I created an AIR application that is available for both the desktop and the Blackberry Playbook tablet. It is an app that allows you to draw out a floorplan and then create furniture and drag it around your floorplan. This way you can plan where furniture will go without having to guess and end up moving the same furniture 20 times. This application was conceived when my wife and I were trying to figure out how to merge our possessions in her small condo after getting married. This should beat the graph paper and ripped-up Post It notes we used then. The app also earned me a free Playbook as part of Blackberry's promotion for AIR developers.
This is part one of an idea I have for a game. It's a network of nodes with a little character that can navigate the network and do different actions at diffent nodes. The network is built from an XML document.
I live downtown where parking is scarce and restricted. However, residents are given a parking sticker that allows them to park anywhere within a 5 block radius of where they live. To help myself and other residents, I walked around my neighborhood logging all the different parking zones and the days there were street sweeping. From this I created a map of the neighborhood that would allow me to look to see if I needed to move my car before the street sweeper came along and ticketed me, as well as see where I might find an empty space late at night.
To display this map, I created a small application using ActionScript 3 and Flash to load in the map created in Adobe Illustrator. I created controls to zoom in and out, view the map fullscreen, and print either the entire map or just the visible section. I also added in a key to explain the colors and symbols on the map. I provided both symbols and colors with color blind people in mind.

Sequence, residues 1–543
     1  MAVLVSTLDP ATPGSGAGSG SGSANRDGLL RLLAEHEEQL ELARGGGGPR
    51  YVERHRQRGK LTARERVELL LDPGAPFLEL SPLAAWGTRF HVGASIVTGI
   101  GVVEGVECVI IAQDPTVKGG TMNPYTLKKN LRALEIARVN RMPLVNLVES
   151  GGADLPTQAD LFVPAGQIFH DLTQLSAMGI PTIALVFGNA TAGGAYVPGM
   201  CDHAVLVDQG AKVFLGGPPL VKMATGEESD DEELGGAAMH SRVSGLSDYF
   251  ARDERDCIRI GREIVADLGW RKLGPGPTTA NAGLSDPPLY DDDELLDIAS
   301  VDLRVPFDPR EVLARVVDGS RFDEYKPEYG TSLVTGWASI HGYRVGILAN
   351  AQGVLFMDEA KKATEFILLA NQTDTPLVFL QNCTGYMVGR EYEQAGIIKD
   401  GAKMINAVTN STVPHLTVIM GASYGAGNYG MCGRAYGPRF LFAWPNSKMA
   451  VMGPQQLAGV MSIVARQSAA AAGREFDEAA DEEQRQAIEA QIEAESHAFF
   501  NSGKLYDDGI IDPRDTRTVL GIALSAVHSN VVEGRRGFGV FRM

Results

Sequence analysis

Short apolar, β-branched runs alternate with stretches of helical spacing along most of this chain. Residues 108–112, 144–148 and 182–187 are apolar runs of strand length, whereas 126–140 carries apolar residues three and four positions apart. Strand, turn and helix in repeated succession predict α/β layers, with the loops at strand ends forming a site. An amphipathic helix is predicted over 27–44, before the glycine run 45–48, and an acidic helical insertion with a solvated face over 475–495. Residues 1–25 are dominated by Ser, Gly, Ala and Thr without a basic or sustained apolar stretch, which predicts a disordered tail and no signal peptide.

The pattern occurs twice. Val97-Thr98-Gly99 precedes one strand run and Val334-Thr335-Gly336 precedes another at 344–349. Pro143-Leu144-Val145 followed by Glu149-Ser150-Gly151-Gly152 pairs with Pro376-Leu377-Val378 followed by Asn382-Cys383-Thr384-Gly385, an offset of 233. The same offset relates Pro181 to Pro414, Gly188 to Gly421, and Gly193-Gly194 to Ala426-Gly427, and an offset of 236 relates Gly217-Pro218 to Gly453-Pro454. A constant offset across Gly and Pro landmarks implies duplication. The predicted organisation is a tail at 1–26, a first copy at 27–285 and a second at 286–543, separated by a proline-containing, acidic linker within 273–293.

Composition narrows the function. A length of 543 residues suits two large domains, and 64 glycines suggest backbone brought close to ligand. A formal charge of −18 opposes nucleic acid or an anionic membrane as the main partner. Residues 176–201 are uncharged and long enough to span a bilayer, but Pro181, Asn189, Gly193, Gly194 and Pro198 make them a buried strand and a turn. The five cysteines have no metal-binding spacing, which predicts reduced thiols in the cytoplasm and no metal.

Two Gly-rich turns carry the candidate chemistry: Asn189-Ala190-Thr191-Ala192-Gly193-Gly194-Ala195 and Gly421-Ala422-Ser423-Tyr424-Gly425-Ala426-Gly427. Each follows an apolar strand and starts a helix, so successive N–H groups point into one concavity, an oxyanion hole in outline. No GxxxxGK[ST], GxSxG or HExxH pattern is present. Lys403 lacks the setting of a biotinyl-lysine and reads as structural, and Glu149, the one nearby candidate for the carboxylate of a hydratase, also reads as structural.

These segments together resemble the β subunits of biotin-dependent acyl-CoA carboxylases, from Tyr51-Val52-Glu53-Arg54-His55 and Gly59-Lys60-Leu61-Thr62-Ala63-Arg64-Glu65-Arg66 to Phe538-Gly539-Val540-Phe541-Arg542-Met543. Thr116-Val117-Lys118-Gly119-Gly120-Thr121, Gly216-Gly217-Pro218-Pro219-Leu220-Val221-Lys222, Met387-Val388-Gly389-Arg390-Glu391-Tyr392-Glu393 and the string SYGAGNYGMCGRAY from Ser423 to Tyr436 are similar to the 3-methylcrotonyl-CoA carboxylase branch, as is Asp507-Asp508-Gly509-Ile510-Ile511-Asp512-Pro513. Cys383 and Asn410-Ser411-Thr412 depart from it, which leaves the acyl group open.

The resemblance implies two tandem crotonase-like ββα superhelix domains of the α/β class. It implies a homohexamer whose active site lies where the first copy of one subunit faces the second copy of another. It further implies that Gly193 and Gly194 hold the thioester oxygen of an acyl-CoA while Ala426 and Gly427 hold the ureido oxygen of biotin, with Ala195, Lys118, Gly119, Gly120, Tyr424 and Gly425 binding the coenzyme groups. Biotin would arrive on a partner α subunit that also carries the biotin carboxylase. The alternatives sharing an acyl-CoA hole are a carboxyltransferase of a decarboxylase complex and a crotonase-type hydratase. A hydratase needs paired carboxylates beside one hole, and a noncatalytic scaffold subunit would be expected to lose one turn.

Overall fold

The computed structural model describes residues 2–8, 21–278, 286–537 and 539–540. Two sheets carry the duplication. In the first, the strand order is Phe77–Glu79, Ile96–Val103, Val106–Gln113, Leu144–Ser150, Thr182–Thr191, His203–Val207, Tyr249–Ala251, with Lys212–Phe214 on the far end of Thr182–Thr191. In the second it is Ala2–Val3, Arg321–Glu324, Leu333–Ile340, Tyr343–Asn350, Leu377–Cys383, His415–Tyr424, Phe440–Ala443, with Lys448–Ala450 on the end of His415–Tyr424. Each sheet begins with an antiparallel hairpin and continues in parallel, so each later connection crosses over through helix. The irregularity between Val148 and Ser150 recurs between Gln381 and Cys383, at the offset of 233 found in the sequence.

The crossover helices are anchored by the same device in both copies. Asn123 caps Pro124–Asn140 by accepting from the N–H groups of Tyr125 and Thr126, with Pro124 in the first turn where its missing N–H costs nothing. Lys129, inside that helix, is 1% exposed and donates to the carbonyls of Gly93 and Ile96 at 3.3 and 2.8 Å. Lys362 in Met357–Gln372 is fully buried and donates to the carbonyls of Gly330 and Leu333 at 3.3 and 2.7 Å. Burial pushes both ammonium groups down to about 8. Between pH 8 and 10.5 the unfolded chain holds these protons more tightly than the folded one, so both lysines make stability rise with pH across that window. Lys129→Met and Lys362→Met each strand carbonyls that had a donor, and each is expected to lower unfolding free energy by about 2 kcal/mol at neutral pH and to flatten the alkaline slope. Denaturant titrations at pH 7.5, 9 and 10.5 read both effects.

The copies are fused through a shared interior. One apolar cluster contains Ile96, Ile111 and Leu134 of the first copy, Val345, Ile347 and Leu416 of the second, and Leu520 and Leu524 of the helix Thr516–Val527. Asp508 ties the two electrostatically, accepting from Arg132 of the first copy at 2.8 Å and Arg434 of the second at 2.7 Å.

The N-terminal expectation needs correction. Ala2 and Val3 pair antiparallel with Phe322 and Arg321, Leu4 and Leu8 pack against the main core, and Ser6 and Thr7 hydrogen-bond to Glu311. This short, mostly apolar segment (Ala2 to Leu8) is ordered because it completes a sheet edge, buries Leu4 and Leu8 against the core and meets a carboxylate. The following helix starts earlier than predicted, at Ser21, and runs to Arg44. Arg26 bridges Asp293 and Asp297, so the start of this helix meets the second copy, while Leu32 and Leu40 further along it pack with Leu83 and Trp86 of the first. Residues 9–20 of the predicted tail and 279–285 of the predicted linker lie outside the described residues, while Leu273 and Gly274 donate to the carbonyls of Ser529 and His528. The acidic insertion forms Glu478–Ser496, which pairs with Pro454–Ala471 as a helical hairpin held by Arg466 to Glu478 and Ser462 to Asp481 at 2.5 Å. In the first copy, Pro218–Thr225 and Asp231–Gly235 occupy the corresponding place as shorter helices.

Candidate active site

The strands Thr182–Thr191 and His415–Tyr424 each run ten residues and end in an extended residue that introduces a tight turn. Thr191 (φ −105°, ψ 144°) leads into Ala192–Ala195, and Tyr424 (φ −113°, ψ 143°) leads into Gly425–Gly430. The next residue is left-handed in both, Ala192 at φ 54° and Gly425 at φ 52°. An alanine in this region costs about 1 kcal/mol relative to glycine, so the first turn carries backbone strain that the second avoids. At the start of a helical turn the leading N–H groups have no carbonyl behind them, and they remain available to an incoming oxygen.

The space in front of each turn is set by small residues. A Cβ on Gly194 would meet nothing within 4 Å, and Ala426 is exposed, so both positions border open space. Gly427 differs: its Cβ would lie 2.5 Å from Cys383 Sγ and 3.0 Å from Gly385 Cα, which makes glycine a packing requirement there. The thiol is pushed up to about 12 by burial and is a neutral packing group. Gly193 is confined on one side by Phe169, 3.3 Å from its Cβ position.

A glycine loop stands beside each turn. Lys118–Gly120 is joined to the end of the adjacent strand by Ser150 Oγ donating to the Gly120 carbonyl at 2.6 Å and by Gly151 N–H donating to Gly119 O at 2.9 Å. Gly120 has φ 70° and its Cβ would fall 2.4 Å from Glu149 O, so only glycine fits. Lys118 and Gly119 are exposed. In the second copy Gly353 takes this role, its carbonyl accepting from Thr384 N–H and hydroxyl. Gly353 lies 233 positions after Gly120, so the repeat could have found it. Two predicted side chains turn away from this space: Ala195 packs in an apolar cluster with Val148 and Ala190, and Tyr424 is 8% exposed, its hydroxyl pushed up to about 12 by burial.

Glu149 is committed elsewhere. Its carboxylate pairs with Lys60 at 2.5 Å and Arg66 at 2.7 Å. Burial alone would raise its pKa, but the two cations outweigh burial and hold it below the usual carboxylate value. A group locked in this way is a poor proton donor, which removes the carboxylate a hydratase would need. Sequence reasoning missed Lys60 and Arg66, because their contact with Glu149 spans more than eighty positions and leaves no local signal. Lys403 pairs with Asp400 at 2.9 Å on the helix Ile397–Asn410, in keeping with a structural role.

I recently made two copies of the book The Life of God in the Soul of Man by Henry Scougal. When I say I made them, I really did. I typset the books, printed them, built the cases, sewed the signatures together and made the physical book. The text is a public domain book from the 1600s that was inspiration for the book I've recently read called The Pleasures of God by John Piper.
The gallery is new and improved. Along with the slick interface, you can now add pictures you'd like to your request list by clicking on the plus sign under them. Once they're in the list, you can either choose to download the pictures or request bigger high resolution versions of the images. The gallery is now also class-based. I developed Picture, PictureCollection, and PictureRequester classes, which I can use in future projects.
Since in Florida we're suffering through an 80 degree winter, there isn't much chance for building snowmen ... until now. My friend Jim at work and I made this nifty Flash piece of viral marketing to promote our Winter Holiday virtual gallery, and to have fun too. It uses Flash Remoting, ColdFusion, XML, and all sorts of ActionScript. I also had to figure out some physics and I got to use some trig.
To help people eat healthy during the barbecue season, Jim Elder and I developed a sample barbecue for OCLS's Celebrate Summer virtual gallery. Jim did the visuals and I did the code. Things work well that way.
This is a Flash puzzle that gets its content from XML. It really came together nicely. The image is from stockxchange, which if you haven't looked at, you really should. It was originally developed for the OCLS National Pet Month virtual gallery.
This has actually been done for a while, but this project just recently won the Thomas Gale Award. I created the shell for the guide. Melody Mitchell came up with the content, and Cassie Shivers, Bobby Tsui, and Vanessa Neblett all helped adapt it for the eGuide. It runs off of XML, and is designed to be reusable. Our second eGuides on medical resources is coming out soon.
This is a construct I made for a page on Healthy Holidays on the Orange County Library System's site. It takes some old snowfall code I had and turns it into an interactive toy that acts as a collection of useful links.